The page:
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Conversion of urine protein–creatinine ratio or urine dipstick protein to urine albumin–creatinine ratio for use in chronic kidney disease screening and prognosis: an individual participant-based meta-analysis


Background — Although measuring albuminuria is the preferred method for defining and staging chronic kidney disease (CKD), total urine protein or dipstick protein is often measured instead.

Objective — To develop equations for converting urine protein–creatinine ratio (PCR) and dipstick protein to urine albumin–creatinine ratio (ACR) and to test their diagnostic accuracy in CKD screening and staging.

Design — Individual participant–based meta-analysis.

Setting — 12 research and 21 clinical cohorts.

Participants — 919 383 adults with same-day measures of ACR and PCR or dipstick protein.

Measurements — Equations to convert urine PCR and dipstick protein to ACR were developed and tested for purposes of CKD screening (ACR ≥30 mg/g) and staging (stage A2: ACR of 30 to 299 mg/g; stage A3: ACR ≥300 mg/g).

Results — Median ACR was 14 mg/g (25th to 75th percentile of cohorts, 5 to 25 mg/g). The association between PCR and ACR was inconsistent for PCR values less than 50 mg/g. For higher PCR values, the PCR conversion equations demonstrated moderate sensitivity (91%, 75%, and 87%) and specificity (87%, 89%, and 98%) for screening (ACR >30 mg/g) and classification into stages A2 and A3, respectively. Urine dipstick categories of trace or greater, trace to +, and ++ for screening for ACR values greater than 30 mg/g and classification into stages A2 and A3, respectively, had moderate sensitivity (62%, 36%, and 78%) and high specificity (88%, 88%, and 98%). For individual risk prediction, the estimated 2-year 4-variable kidney failure risk equation using predicted ACR from PCR had discrimination similar to that of using observed ACR.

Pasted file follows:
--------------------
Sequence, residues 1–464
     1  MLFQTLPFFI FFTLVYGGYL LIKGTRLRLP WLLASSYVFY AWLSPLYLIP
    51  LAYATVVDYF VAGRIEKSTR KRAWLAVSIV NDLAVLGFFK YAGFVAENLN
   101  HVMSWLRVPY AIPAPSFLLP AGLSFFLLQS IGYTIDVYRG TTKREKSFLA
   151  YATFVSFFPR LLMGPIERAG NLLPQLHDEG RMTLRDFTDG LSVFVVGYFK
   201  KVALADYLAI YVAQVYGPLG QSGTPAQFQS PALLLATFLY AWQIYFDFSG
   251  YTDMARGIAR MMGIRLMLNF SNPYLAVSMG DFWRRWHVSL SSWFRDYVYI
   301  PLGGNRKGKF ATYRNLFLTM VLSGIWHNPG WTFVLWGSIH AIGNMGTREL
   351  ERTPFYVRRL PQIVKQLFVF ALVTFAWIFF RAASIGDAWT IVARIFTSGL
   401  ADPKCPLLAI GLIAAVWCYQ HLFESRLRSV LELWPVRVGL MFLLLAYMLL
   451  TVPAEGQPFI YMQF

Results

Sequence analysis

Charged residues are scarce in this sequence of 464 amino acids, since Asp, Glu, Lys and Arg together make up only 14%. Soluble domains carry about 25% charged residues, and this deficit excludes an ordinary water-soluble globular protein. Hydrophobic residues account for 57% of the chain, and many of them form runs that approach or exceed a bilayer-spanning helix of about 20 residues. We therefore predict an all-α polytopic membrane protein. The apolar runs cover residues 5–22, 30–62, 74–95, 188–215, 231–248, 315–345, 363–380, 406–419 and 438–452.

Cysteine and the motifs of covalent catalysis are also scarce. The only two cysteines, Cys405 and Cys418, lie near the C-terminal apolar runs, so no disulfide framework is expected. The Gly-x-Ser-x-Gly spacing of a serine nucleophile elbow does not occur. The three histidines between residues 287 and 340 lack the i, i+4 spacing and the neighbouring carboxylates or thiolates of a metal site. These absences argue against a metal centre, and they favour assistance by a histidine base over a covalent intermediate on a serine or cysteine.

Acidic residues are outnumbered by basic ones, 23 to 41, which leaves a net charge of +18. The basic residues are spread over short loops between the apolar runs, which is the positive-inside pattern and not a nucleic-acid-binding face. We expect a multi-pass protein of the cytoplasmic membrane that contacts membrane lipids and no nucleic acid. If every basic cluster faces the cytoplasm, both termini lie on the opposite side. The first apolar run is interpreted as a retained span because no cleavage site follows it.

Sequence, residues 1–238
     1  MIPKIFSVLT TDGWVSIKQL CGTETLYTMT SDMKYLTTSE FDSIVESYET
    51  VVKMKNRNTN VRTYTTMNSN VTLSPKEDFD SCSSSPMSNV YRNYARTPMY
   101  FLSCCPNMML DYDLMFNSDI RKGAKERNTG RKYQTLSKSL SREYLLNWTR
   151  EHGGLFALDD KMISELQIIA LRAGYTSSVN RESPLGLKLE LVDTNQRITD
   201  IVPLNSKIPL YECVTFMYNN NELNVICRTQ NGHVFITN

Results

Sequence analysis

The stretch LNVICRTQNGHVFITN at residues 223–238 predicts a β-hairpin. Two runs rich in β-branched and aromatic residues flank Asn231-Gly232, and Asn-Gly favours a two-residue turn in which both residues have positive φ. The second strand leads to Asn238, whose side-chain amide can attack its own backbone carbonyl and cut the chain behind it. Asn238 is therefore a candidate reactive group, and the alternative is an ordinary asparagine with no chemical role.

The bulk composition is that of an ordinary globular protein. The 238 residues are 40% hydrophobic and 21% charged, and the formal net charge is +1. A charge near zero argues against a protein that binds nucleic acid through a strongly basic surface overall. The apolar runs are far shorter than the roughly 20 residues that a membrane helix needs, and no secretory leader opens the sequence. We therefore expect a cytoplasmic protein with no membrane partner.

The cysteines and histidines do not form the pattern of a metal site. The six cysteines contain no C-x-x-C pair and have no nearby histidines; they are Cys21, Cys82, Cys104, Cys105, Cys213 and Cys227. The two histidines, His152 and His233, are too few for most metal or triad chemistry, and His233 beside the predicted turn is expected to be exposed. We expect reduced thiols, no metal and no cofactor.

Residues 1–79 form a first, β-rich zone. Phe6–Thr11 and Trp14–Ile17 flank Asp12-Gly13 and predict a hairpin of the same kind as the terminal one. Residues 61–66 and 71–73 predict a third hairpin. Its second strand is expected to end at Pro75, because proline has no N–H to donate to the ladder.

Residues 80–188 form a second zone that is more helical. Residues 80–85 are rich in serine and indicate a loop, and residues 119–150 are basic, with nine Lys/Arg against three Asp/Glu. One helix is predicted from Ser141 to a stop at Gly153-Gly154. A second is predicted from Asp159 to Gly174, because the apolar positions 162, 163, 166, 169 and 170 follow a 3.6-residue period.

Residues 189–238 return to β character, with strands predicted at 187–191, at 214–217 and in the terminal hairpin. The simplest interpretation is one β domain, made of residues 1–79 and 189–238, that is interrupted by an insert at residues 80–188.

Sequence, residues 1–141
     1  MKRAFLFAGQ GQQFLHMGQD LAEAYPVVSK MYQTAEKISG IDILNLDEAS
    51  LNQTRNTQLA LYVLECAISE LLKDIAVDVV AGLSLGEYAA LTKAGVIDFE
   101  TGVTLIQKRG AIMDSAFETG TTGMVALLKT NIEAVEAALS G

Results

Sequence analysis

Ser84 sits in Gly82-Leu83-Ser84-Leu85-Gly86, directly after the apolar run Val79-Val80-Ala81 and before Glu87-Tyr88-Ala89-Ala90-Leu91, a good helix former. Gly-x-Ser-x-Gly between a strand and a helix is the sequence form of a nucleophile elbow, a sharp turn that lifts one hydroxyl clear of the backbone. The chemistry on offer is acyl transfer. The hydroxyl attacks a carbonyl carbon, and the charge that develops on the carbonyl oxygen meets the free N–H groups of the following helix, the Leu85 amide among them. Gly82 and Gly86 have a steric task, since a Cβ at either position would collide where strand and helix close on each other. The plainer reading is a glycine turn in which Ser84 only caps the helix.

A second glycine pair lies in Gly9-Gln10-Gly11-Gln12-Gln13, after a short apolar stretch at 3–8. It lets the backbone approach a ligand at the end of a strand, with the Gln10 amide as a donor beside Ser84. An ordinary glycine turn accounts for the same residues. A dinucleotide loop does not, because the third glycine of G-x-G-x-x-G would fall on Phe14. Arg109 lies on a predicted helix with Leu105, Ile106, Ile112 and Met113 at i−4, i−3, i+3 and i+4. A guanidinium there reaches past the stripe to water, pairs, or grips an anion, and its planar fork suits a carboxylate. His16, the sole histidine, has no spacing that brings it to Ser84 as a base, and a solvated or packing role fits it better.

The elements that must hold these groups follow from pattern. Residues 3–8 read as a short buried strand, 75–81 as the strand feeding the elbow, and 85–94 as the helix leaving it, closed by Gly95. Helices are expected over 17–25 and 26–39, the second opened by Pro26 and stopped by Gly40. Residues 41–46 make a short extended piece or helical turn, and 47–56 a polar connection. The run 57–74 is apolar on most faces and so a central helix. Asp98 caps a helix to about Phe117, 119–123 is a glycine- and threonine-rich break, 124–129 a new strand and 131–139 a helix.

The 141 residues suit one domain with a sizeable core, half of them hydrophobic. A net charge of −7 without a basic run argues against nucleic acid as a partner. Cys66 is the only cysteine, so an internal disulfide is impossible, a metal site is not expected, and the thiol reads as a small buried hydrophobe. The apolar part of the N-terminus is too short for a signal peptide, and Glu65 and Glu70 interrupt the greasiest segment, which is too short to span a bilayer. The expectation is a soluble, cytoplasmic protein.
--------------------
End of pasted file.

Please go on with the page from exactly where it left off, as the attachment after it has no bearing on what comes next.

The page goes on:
Limitation — Diverse methods of ACR and PCR quantification were used; measurements were not always performed in the same urine sample.

Conclusion — Urine ACR is the preferred measure of albuminuria; however, if ACR is not available, predicted ACR from PCR or urine dipstick protein may help in CKD screening, staging, and prognosis.



Sumida K, Nadkarni GN, Grams ME, Sang Y, Ballew SH, Coresh J, Matsushita K, Surapaneni A, Brunskill N, Chadban SJ, Chang AR, Cirillo M, Daratha KB, Gansevoort RT, Garg AX, Iacoviello L, Kayama T, Konta T, Kovesdy CP, Lash J, Lee BJ, Major RW, Metzger M, Miura K, Naimark DMJ, Nelson RG, Sawhney S, Stempniewicz N, Tang M, Townsend RR, Traynor JP, Valdivielso JM, Wetzels J, Polkinghorne KR, Heerspink HJL. Ann Intern Med. 2020; 173(6):426-35. Epub 2020 Jul 14.

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